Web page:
The Book of Revelation is often quoted to "prove" that there can be no further scripture. That famous passage about not adding or subtracting to the word of God in Rev. 22 is cited as if it means that there can be no more scripture, when, in fact, John is plainly speaking about his own book, the Book of Revelation, and urging the world not to tinker with the text. In no way is he saying that God can't keep speaking and revealing truth. In fact, John's text clearly teaches that revelation HAS NOT ENDED. It teaches that there will yet be words of God spoken by future prophets (Rev. 11), future angels (Rev. 14, etc.), and by Christ. How dare we presume that these words can't be written down and used by future generations of scripture? Revelation, if anything, points to an open canon, not a closed one. How tragic that so many ministers get this completely backwards.

Dealing with Rev. 22:18-19 itself is quite easy, yet it continues to be cited as if it were a legitimate slam-dunk against the Book of Mormon. The prohibition against adding or subtracting from the word of God actually goes all the back to the time of Moses, who wrote the following in Deuteronomy 4:2:
Ye shall not add unto the word which I command you, neither shall ye diminish ought from it....
In Rev. 22:18-19, John echoed the words of Moses as he concluded writing the Book of Revelation:
For I testify unto every man that heareth the words of the prophecy of this book, If any man shall add unto these things, God shall add unto him the plagues that are written in this book:

And if any man shall take away from the words of the book of this prophecy, God shall take away his part out of the book of life, and out of the holy city, and from the things which are written in this book.
Moses and John were absolutely correct: no man has authority to add or subtract from the word of God. But Deut. 4:2 did not keep Moses from writing additional chapters, nor did it prohibit Isaiah, Malachi, Matthew, Mark, Paul, and even John from writing later scripture as directed by God. It did not mean that God could give no more revelation or scripture, but that the inspired words of God given to his apostles and prophets should not be altered by men.

Read the text carefully of Revelation 22:18-19 and ponder what John is talking about. At the time, there was no Bible as we know it. The new Christians had the Septuagint (which included the Apocrypha) and scattered writings of some of the apostles, but there had not yet been any known attempt to establish a New Testament canon or to bring the Gospels and epistles into a single volume. John, who was in exile on the Isle of Patmos, is obviously referring to the newly written text before him when he speaks of "this book," the Book of Revelation. He refers to the unique contents of his book: its prophecies, its descriptions of plagues, its discussion of the holy city, and urges that no one change what he has written. Even though the Book of Revelation has been placed last in our Bible, it was not necessarily the last book written, but may have preceded other writings of John himself by a couple of years. In fact, many Christian canons over the centuries did not include the Book of Revelation at all, and even Martin Luther questioned its status. The first church council that listed most of the canonical books in our present Old and New Testaments, the Council of Laodicea that met in A.D. 363, still did not include the Apocalypse of Saint John [Bernstein, p.5]. The common idea that this was the last book added to an existing canon of New Testament scripture by John is erroneous, as is the idea that John meant that there could never be any more scripture.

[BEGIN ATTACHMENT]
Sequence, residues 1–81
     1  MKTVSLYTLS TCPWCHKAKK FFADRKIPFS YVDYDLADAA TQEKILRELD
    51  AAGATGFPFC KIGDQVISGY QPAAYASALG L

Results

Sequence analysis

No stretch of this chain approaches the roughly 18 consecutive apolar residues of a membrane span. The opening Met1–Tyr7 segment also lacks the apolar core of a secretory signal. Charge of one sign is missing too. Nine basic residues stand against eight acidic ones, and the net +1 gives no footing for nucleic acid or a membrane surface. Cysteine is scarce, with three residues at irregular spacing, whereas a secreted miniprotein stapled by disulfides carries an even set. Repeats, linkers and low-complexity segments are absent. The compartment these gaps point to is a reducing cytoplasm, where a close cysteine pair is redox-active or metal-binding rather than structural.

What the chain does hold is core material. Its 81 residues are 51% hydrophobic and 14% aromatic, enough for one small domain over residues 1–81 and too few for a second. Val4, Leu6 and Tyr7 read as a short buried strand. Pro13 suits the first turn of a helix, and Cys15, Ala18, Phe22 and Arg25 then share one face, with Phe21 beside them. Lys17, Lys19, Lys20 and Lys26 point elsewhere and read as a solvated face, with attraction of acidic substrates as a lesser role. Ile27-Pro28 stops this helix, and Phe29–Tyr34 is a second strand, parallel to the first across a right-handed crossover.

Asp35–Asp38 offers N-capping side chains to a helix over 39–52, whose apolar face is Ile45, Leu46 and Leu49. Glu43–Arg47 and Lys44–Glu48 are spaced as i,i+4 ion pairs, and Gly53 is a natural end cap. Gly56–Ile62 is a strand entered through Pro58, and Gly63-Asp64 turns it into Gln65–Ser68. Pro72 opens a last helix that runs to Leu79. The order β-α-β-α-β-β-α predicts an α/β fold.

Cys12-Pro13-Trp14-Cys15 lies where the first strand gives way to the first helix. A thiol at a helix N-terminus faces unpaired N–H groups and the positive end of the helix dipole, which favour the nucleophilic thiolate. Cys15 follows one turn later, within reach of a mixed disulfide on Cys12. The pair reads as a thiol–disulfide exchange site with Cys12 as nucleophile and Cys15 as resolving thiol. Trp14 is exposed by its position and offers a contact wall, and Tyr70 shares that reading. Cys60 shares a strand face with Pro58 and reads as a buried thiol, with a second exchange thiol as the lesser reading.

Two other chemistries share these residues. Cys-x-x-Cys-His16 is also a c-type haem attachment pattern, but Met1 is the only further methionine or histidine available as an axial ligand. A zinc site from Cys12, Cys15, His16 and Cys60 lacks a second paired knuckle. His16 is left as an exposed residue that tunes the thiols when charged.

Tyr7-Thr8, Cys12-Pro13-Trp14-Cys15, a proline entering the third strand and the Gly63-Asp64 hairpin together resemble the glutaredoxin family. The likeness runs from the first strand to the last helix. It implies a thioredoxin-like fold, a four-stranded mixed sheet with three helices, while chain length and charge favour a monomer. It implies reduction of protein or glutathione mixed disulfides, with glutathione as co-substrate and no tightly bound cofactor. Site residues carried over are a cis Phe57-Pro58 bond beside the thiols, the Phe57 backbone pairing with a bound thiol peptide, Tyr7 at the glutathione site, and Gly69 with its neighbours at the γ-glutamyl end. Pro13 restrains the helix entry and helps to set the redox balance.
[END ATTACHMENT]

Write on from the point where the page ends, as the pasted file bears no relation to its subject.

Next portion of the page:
Latter-day Saints fully agree with John: no man should change what God has spoken. However, God has the authority to speak what and when He wants. God spoke to other prophets after Moses and many of their divinely commissioned writings have been preserved in the Bible. God also speaks today to living apostles and prophets in the Church of Jesus Christ of Latter-day Saints, and we should be willing to accept those whom God has sent and hear their inspired words.

When God speaks to prophets, they write words that become scripture. Moses, Isaiah, Matthew, Luke, John, and many others all added scripture. One of the surest signs that the Church of Jesus Christ has really been restored is that new scripture has been added! The Jews at the time of Christ claimed to revere dead prophets but rejected living ones and rejected newly added scripture. They were in apostasy. Those who reject new prophets and new scripture from God in our day are likewise in apostasy and need to repent and come unto Christ more fully.

Now back to Revelation. Can you read it without seeing that God will yet do and speak many things in the future? Two prophets of the last days will prophecy in the streets of Jerusalem and be killed (Rev. 11). Angels will declare messages (Rev. 14:6 could even be a reference to the angelic ministry of Moroni and others that helped bring forth the Restoration). Christ and God will speak. Amazing works of God will take place. And saints (members of God's church) will not only work day and night in the restored Temple during the great Millennium (Rev. 7:15), but they will surely study and ponder the records of God's great dealings with man in the past. How dare we presume that God won't allow His obviously ongoing words and deeds to be recorded and studied as sacred writings?

The idea that the current Bible is the end of God's record, that the canon is closed, and that prophets can no longer speak, is a MOST UNBIBLICAL heresy. That doesn't prove that the LDS Church has authority and true revelation, but after a careful reading of Revelation, there should be no question that those who claim there can be no more revelation have Revelation completely backwards. Tragically so, IMHO.
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